This op-ed was published in the Hill Times on September 3, 2012.
By Paul Davidson
President and CEO
Association of Universities and Colleges of Canada
A high quality product, affordable pricing and growing demand. That’s a typical recipe for success in business. When we think about international education, these three ingredients are a recipe for driving economic growth in communities across the country. And Canada has them all.
We are fortunate to have an outstanding offering in education at all levels. At the university level, our very high quality programs coupled with affordable tuition provide exceptional bang for the buck. Increasing demand for such excellent educational opportunities is evident in countries around the world, especially in places such as India, Brazil and China, where a rapidly growing middle class is looking for high quality education beyond domestic borders.
Our challenge – and it’s an urgent one – is how to leverage our assets in a way that will strengthen our education brand around the world, enhance international study opportunities for Canadian students, and help address changing labour market needs here at home. A new report released this week provides the federal government with a roadmap to achieve just that.
The report of the Advisory Panel on Canada’s International Education Strategy, released August 14, presents a robust plan for building prosperity in Canada through strategic investments and partnerships in international education.
We will only maximize our strong potential in international education when partners in government, higher education and the private sector come together to strengthen our international brand, build and grow partnerships in research and innovation, and ensure more Canadian students benefit from international study experiences. The return on investment is huge in terms of ongoing economic, social and cultural benefits.
We have a strong foundation upon which to build. In 2011, the number of international students enrolled in Canadian universities grew for the 16th consecutive year. Full-time international enrolment has increased by more than 11 percent since 2010. We have four times more international students today than in 1995. There are now 100,000 international students from more than 200 countries studying at Canada’s universities. These students are attracted by our strong reputation for high quality education, diverse opportunities, and a safe and welcoming environment.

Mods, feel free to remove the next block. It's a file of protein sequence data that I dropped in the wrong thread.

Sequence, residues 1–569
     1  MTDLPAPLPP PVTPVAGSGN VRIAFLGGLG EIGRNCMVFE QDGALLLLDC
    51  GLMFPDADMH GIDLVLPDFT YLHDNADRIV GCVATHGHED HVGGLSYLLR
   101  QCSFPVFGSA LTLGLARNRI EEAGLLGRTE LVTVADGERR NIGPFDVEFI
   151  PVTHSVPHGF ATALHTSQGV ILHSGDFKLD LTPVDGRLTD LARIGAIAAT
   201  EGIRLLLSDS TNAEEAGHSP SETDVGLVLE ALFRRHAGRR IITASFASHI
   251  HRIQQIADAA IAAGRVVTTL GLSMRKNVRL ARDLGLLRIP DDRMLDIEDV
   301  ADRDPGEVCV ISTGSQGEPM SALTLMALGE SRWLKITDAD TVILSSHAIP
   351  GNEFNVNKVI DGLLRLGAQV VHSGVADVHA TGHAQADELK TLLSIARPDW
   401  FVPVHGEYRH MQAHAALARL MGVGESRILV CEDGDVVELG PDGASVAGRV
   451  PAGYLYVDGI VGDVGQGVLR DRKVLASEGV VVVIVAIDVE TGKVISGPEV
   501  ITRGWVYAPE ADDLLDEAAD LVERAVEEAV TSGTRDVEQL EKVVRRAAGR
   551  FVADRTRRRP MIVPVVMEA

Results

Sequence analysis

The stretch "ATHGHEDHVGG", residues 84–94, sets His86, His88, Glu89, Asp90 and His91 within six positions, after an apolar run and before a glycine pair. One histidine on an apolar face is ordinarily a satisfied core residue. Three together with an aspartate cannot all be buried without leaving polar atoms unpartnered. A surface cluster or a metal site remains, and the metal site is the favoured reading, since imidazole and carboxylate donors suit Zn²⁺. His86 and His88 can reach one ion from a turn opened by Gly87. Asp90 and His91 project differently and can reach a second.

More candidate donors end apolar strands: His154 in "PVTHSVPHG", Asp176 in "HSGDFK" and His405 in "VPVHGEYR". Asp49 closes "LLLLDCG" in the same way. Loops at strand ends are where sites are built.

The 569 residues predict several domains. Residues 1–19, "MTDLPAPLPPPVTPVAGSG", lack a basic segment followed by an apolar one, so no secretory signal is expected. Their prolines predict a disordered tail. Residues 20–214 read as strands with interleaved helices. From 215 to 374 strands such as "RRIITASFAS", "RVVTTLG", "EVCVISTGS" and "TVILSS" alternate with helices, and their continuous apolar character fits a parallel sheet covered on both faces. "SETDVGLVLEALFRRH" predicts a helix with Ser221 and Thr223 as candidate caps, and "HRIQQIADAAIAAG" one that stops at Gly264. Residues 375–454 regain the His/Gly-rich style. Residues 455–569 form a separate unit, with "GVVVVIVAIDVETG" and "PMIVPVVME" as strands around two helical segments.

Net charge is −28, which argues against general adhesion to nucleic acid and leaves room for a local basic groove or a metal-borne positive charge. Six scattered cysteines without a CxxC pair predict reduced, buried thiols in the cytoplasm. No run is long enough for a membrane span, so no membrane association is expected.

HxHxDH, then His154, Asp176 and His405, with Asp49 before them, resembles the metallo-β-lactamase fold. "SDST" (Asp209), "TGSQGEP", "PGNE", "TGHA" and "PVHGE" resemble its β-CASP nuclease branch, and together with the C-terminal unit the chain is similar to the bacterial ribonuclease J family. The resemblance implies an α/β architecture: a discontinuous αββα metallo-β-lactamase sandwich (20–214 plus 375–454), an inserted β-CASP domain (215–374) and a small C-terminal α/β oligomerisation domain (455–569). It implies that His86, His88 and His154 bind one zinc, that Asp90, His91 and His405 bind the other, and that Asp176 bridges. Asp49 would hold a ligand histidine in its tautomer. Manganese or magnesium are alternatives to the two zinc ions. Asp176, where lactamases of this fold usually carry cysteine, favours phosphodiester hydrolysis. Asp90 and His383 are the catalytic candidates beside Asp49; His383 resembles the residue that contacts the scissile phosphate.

Students from around the world add value to the educational experiences of Canadians, bringing global perspectives and cultural insights to our campuses. And their presence has a huge economic impact. According to a federal government report released in July 2012, international students pursuing their education in Canada generate 81,000 jobs, nearly $8 billion in spending and more than $445 million in government revenue. That’s worth more to Canada than our export of wheat. We’ve gone from being the bread basket of the world to being the “brain basket.”
Among the advisory panel’s most significant recommendations is a call for a major new program for Canadian student mobility abroad. Canada’s employers tell us they need people with knowledge of other countries, languages and cultures. We need graduates who can establish partnerships with colleagues around the world. We need to develop global citizens.
Unfortunately, only three percent of today’s undergraduates participate in international study experiences for academic credit in any given year. Financial considerations are often cited as the most significant hindrance to participation in international academic exchanges, research collaboration and internships. The panel’s recommendation is to create opportunities for 50,000 Canadian students a year to go abroad for study and cultural exchanges, service learning and other experiential learning activities by 2022. Partnerships are a key component to this strategy, with the suggestion that universities, provincial and territorial governments, and private sector partners join with the federal government in funding a major new student mobility program.
Canada’s universities agree that partnerships and collaboration are fundamental to our success in international education. Five national education associations, including AUCC, work together in partnership through the Canadian Consortium for International Education Marketing to advance Canada’s brand more effectively in the global education market. Canada’s universities also work with private sector and government partners to build international connections in education, research and innovation.
With the advisory panel’s report, the federal government has an opportunity to better coordinate its strategies for economic development, science and technology, global commerce, immigration and the labour market. It has a plan to help position Canada as an international leader in education, research and innovation. And it has the business case for investment in key areas that will build prosperity.
Ongoing market changes in global education will dictate the necessary scope, scale and urgency of Canada’s next steps. They must be purposeful, coordinated, bold and ambitious. Let’s get to it.